Since joining my current practice two years ago, I've noticed that I care for a disproportionate number of immigrants of Chinese and other Asian descent compared to my colleagues. Although both of my parents were born in Taiwan, I don't speak Mandarin or have special expertise on medical conditions common in Asian Americans. Nonetheless, Asian patients seem more comfortable with me anyway. Similarly, U.S. health workforce analyses show that underrepresented ...

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Recently, a family physician colleague asked me to explain why the Affordable Care Act requires private health insurers to provide first-dollar coverage for preventive services that the U.S. Preventive Services Task Force assigns an "A" or "B" (recommended) rating, but allows public insurers (Medicare and Medicaid) to determine if and how they will cover these services. Until recently, the question hadn't come up, since Medicare has agreed to cover pretty ...

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In my line of work, it's not uncommon for a civil debate about the evidence for a cancer screening test (such as the PSA test for prostate cancer) to rapidly degenerate into the other person questioning my motives or suggesting that the real reason I oppose disseminating or requiring insurers to pay for a test is because I secretly want patients to suffer lingering and painful deaths. ("He obviously doesn't care about ...

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After I left my position as a staffer for the U.S. Preventive Services Task Force in November 2010, it was three years before I was tapped for another guideline post, this time at the American Academy of Family Physicians. Recently I joined the AAFP's Commission on Health of the Public and Science, which formulates guidance for family physicians on a variety of topics, including clinical preventive services. My appointment coincided ...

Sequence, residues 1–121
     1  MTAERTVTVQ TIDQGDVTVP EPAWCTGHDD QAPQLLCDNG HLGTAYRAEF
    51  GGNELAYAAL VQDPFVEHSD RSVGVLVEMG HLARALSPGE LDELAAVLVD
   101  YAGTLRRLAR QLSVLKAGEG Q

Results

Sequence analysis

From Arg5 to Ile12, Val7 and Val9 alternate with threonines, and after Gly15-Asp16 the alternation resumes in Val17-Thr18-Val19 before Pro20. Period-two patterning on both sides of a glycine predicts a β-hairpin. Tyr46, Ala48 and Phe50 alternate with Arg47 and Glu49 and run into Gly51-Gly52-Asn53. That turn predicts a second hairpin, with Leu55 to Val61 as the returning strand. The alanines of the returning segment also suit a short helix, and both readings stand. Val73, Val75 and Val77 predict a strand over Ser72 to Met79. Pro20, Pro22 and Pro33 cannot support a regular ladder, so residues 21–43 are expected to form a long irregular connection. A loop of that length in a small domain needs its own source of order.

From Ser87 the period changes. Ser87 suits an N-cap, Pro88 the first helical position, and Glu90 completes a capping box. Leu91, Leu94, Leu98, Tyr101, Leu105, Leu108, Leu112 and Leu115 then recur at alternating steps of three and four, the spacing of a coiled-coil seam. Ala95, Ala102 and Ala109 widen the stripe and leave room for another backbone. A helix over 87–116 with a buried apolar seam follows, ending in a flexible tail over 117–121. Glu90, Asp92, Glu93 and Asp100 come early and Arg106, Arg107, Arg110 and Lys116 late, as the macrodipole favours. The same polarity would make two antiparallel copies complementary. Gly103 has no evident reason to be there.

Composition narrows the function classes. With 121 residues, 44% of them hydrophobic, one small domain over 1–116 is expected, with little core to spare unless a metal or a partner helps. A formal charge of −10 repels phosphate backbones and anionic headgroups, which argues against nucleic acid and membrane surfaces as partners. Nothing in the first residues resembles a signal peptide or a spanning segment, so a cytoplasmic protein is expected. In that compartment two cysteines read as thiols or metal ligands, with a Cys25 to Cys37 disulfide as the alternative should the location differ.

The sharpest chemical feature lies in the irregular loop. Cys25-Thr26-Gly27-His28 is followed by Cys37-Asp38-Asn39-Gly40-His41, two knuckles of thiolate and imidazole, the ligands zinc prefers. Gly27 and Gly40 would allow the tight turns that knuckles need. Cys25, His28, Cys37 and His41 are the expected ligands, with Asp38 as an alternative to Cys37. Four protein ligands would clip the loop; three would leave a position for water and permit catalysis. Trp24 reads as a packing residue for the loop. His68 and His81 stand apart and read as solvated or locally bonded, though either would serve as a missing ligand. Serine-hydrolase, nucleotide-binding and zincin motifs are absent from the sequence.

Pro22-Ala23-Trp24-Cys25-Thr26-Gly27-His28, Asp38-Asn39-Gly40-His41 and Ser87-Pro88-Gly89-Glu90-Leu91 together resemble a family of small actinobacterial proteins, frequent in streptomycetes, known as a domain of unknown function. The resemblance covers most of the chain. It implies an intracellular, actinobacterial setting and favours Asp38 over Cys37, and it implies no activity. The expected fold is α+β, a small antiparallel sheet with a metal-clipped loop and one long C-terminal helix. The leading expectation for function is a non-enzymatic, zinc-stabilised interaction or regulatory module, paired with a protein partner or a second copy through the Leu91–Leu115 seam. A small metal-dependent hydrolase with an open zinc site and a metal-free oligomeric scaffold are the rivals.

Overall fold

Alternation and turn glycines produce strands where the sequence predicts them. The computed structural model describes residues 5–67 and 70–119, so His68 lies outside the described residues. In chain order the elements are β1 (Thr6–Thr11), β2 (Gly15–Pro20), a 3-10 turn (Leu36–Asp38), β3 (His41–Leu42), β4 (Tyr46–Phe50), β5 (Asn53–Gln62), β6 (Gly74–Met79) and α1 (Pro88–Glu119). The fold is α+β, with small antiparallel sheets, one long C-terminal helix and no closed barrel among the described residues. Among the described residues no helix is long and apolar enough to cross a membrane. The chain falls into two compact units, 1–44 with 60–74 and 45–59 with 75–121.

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I've had many Twitter conversations with cancer screening advocates who fear that the U.S. Preventive Services Task Force's "D" (don't do it) recommendation against PSA-based screening for prostate cancer will lead to a dramatic spike in prostate cancer deaths as primary care physicians screen more selectively, or perhaps stop screening at all. I seriously doubt these apocalyptic forecasts (for one thing, prostate cancer causes only 3% of deaths in men, and ...

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As a long distance runner on my high school track team, I won few accolades in individual events, but shone in relays. My teammates and I spent hours perfecting our baton exchanges, which must occur within a limited area of the track, until these handoffs felt smooth and effortless. In contrast, world class athletes focused on individual performances are often assigned to relay teams at the last minute, a practice ...

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"Health insurance is not health care." That is not original. I borrowed it from Los Angeles County Department of Health Services Director Mitchell Katz's JAMA Internal Medicine editorial about problems with ensuring access to health care for Medicaid recipients whose cheap public insurance usually doesn't even pay doctors enough to recoup costs of care, let alone earn a living. But somehow, during the impassioned political debates that preceded Obamacare, the botched rollout of ...

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I recently spoke to a class of undergraduates about the benefits, harms and politics of screening smokers for lung cancer using low-dose CT scans. Afterwards, a student asked how I felt about the Affordable Care Act's requirement that Medicare and private insurers cover U.S. Preventive Services Task Force "A" and "B" recommended screening tests and other preventive services without co-payments or deductibles, making them free at the point of care. I ...

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Projecting future physician workforce needs is a challenging calculation that must take multiple variables into account to avoid missing its mark. In the mid-1990s, the American Medical Association confidently predicted that the penetration of managed care would lead to a large "physician surplus" and convinced Congress to cap the number of graduate medical education (GME) positions subsidized by the Medicare program. Two decades later, there is a widespread consensus that the U.S. is ...

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Since becoming a full-time medical school faculty member again, I've volunteered to interview about two applicants each month from September through March. When I first started doing this, I was surprised that the admissions office did not provide me with a copy of the applicant's resume and essay until the time of the interview, carried in a manila folder by the applicant. But I quickly realized that it wasn't necessary to ...

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